Effect of Weather
(From Fundamentals of Beekeeping)
Weather is the key to maximum use of the pollinating force. Bees rarely fly when the temperature is below 55° F or the wind is more than 15 to 20 miles per hour. The stronger the colony, the lower the temperature at which the bees may initiate flight. Strong colonies do little pollinating below 55° F and weak ones do little below 60° F. Cool cloudy weather and threatening storms greatly reduce bee flights. The poor weather, bees foraging at more distant locations will remain in the hive and only those that have been foraging nearby will be active. Therefore, over an extended period of inclement weather, colonies may require greater distribution to get adequate coverage.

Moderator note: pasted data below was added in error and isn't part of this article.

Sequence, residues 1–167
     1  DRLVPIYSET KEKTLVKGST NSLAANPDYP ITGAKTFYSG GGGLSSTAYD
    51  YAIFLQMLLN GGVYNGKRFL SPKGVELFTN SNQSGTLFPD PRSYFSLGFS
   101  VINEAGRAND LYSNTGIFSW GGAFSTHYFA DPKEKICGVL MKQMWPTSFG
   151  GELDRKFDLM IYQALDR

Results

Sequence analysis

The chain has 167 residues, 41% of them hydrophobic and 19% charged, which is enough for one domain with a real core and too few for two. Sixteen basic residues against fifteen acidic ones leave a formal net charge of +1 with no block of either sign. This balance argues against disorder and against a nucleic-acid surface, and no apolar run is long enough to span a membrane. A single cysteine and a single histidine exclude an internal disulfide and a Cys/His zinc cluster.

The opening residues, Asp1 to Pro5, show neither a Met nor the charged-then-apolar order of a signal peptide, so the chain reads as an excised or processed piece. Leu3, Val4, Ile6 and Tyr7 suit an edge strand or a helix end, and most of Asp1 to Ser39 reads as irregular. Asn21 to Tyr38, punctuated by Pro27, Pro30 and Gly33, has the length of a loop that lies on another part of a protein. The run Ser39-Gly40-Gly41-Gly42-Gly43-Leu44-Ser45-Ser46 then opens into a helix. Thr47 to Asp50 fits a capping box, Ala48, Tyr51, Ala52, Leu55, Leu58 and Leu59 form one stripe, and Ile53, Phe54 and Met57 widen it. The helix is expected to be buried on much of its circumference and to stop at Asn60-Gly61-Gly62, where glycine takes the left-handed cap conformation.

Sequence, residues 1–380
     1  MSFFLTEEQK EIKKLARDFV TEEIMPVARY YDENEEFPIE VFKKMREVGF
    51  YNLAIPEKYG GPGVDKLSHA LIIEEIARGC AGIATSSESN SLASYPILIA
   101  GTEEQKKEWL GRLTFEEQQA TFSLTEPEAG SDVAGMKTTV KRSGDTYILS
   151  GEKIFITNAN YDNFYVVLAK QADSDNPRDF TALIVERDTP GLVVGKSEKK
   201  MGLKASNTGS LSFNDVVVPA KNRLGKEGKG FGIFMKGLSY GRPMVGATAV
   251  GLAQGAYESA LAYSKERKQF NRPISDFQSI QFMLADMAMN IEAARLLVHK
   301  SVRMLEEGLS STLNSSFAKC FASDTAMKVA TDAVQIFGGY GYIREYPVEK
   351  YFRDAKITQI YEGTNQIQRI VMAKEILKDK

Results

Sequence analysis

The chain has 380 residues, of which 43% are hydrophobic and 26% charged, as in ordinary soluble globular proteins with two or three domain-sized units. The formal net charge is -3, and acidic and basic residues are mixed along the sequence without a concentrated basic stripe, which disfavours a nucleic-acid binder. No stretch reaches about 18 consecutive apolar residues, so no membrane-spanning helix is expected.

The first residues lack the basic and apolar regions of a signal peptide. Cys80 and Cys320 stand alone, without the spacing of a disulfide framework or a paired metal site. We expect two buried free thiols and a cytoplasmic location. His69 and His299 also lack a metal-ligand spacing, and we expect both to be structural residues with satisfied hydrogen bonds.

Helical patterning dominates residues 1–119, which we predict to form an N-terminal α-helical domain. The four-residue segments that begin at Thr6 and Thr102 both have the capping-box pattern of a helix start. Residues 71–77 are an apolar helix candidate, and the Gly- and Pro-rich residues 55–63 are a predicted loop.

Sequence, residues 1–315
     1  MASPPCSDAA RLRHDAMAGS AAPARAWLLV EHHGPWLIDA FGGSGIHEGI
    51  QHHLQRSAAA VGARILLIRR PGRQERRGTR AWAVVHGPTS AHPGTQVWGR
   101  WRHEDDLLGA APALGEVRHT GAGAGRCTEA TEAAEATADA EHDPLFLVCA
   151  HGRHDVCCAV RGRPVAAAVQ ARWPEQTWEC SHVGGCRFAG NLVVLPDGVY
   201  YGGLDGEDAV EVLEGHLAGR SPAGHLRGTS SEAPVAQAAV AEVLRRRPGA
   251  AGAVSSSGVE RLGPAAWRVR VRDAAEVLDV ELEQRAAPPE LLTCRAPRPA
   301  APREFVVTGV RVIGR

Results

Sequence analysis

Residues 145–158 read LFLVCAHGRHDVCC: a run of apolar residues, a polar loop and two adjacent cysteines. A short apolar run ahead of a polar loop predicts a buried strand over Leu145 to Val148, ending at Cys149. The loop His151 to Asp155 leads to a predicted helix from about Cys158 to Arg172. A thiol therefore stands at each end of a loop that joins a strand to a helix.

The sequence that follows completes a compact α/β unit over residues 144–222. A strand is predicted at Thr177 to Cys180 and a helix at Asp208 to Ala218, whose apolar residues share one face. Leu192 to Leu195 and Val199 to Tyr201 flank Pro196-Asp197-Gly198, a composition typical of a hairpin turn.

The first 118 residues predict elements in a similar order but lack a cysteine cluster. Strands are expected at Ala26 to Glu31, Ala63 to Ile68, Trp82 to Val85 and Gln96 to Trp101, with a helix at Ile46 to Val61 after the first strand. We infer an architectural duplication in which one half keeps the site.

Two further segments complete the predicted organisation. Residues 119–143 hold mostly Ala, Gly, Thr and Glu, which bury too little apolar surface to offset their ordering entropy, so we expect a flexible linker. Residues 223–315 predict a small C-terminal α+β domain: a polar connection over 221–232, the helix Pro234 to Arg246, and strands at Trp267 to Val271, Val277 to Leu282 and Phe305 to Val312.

Bad weather also presents hazards to the plant. Spring frosts can kill fruit bloom, and temperatures of 40° to 50° F retard pollen germination and tube growth. Fertilization failure may result. If the weather is hot and dry or windy, stigmas may dry out so that deposited pollen does not germinate. Pollen release may be hindered by prolonged rains.
Effective pollination can take place with surprising rapidity in warm clear weather.
Some info on bees and weather. I still haven't found out where they go at night
Surely they do not stay on that exposed 'screen' in bad weather or nightime ?
Maybe Greeneyes parent can tell us this basic fact ?